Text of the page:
2007 marks the start of the 26th year for Studies in Comparative Religion, which is now located in Bloomington, Indiana and sponsored by World Wisdom. The overall goals of the journal remain as they were originally stated more than forty years ago by F. Clive-Ross. This second phase includes both an on-line and a paper journal.

    Free On-line Journal and Comprehensive Archive:

    The free on-line journal and comprehensive archive contains the following features:

    • A free on-line archive of all the issues of Studies in Comparative Religion dating back to 1963. All of the more than 1,200 existing articles have been scanned but proofreading is not yet complete for all of the articles. Additional articles will be posted on-line as the proofreading is completed.
    • Database search functions by subject or author.
    • The “key word” search engine is powered by Google, thus allowing detailed key word searches throughout this entire historic archive.
    • “Pop-up definitions” are provided by the Dictionary of Spiritual Terms, which allows the reader to click on highlighted foreign or technical words to obtain short pop-up definitions.
    • Free on-line subscriptions to new issues of the journal.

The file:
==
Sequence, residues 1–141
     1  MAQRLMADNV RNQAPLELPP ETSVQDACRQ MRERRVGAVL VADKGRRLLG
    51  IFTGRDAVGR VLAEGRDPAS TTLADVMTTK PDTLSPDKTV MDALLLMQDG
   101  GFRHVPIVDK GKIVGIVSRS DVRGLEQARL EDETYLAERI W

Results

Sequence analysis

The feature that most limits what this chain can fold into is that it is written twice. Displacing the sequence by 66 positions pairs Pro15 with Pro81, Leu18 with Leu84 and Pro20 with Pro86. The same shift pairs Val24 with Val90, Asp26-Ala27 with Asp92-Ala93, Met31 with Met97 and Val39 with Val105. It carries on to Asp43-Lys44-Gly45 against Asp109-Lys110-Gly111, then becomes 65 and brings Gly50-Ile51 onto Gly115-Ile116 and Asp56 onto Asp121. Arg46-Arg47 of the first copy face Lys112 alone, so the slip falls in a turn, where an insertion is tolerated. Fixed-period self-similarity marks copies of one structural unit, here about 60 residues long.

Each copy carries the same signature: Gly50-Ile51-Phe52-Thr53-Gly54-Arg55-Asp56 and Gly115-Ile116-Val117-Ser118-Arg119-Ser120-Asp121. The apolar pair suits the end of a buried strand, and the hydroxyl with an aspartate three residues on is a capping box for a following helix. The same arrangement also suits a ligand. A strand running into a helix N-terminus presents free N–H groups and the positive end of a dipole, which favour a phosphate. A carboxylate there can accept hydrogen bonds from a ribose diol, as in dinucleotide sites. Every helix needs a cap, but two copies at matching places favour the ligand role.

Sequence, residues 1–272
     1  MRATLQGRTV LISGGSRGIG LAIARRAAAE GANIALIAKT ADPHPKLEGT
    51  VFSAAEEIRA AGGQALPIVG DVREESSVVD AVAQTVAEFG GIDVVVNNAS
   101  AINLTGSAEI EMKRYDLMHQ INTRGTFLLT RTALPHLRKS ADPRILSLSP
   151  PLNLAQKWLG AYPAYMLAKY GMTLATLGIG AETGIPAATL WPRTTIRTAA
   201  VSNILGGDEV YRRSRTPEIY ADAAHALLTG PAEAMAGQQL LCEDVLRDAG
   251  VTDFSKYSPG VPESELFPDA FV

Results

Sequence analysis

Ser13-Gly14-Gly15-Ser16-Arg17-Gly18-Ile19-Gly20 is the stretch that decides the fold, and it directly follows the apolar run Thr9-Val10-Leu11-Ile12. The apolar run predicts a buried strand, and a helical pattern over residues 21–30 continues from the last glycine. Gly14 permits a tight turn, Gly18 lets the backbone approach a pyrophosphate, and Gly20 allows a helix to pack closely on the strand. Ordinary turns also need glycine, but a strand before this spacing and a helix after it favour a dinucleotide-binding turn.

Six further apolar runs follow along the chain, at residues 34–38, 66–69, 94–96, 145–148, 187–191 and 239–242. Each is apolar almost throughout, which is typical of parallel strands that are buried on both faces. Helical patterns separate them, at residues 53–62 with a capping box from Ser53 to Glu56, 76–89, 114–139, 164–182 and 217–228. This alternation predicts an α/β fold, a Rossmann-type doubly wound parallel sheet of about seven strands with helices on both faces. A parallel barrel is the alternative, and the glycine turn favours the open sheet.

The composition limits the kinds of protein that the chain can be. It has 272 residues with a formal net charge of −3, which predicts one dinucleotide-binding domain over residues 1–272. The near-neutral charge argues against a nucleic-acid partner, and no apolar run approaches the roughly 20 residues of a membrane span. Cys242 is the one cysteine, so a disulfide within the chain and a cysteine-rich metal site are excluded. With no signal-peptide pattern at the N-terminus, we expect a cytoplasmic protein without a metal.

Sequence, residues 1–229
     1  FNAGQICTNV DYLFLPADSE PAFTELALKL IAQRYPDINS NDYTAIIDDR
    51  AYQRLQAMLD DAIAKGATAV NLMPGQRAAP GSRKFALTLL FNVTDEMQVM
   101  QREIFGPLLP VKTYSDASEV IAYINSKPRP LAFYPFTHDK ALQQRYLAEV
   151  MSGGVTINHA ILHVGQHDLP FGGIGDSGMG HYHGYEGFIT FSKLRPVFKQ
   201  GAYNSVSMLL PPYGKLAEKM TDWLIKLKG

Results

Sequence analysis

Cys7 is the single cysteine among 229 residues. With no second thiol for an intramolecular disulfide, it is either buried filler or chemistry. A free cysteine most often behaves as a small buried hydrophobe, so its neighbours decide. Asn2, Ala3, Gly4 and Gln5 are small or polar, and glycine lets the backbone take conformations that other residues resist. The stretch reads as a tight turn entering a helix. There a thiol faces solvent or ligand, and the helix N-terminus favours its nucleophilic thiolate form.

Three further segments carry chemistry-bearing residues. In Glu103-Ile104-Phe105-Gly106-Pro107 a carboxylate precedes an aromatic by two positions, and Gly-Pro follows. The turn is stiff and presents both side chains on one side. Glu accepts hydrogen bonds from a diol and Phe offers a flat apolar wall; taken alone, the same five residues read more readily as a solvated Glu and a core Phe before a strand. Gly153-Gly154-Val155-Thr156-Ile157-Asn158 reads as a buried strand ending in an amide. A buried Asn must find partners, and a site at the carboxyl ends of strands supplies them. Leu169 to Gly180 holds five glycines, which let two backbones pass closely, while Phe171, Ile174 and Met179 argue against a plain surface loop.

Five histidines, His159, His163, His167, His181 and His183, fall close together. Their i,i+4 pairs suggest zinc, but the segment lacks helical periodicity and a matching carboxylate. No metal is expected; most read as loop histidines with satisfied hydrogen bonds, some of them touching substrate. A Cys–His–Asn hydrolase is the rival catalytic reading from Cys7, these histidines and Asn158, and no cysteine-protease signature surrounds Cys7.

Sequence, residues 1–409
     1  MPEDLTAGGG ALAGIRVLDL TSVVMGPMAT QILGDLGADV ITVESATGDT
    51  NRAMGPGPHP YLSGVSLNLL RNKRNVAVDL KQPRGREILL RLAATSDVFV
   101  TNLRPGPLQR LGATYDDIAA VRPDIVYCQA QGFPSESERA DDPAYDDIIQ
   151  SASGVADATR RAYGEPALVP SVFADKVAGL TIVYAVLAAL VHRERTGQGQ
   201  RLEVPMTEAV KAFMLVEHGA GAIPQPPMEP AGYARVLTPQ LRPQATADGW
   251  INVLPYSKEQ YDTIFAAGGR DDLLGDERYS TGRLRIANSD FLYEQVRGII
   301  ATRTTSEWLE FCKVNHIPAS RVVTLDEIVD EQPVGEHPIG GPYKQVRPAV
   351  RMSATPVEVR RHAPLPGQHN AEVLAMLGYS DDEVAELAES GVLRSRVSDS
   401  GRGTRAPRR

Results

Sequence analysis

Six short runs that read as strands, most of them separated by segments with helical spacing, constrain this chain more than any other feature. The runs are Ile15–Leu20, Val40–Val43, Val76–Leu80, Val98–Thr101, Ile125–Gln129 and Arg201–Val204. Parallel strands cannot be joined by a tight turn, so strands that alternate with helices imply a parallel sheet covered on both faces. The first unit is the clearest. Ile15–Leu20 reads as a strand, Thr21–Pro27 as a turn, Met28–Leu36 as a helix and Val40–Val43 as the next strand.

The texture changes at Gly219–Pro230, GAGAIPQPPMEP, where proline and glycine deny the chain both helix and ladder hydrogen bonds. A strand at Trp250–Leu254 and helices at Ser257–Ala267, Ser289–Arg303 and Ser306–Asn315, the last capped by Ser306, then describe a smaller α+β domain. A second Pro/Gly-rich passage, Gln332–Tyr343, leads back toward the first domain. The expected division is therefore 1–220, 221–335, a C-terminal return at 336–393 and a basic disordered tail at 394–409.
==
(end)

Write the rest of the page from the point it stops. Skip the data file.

On-Line Glossaries:

    All articles featured on Studies in Comparative have been enabled to make use of AnswerTips. AnswerTips are small information bubbles that define any word or phrase when it is double-clicked. AnswerTips offers fast facts on 4 million topics provided by when one double-clicks on any word, without opening a new browser or following outbound links. AnswerTips deliver instant definitions, explanations and facts including biographies, tech terms, geography etc.

    Definitions of technical terms contained within articles are provided by Any word with an available definition is underlined. Simply click on the underlined word to view a short definition. Click on the “more information” for a longer definition from the main Dictionary of Spiritual Terms website.

    About the Logo:

    Studies in Comparative Religion was the first journal to use the “Feathered Sun” design of the Plains Indians as its logo. Frithjof Schuon wrote this explanation of the symbolism of the Feathered Sun:

    The Feathered Sun... is found on buffalo hides used as cloaks and occasionally as a background for ceremonies. The Sun is composed of concentric circles formed of stylized eagle feathers; the resulting impression is particularly evocative in that the symbol simultaneously suggests center, radiation, power, and majesty. (The Feathered Sun: Plains Indians in Art and Philosophy [Bloomington, IN: World Wisdom Books, 1990], p. 100.)

    F. Clive-Ross and Pates Manor

    Photo of F. Clive Ross and group outside Pates Manor

    During its first 25 years, Studies on Comparative Religion had its offices in a wing of the Clive-Ross home in Pates Manor, Bedfont, near London, which dates its origins to the 15th century. Standing in front Pates Manor are, from left: Francis Clive-Ross, Catherine Schuon, Frithjof Schuon, Martin Lings, Leslie Lings, Whitall Perry, Barbara Perry and Olive Clive-Ross. Photograph c. 1965.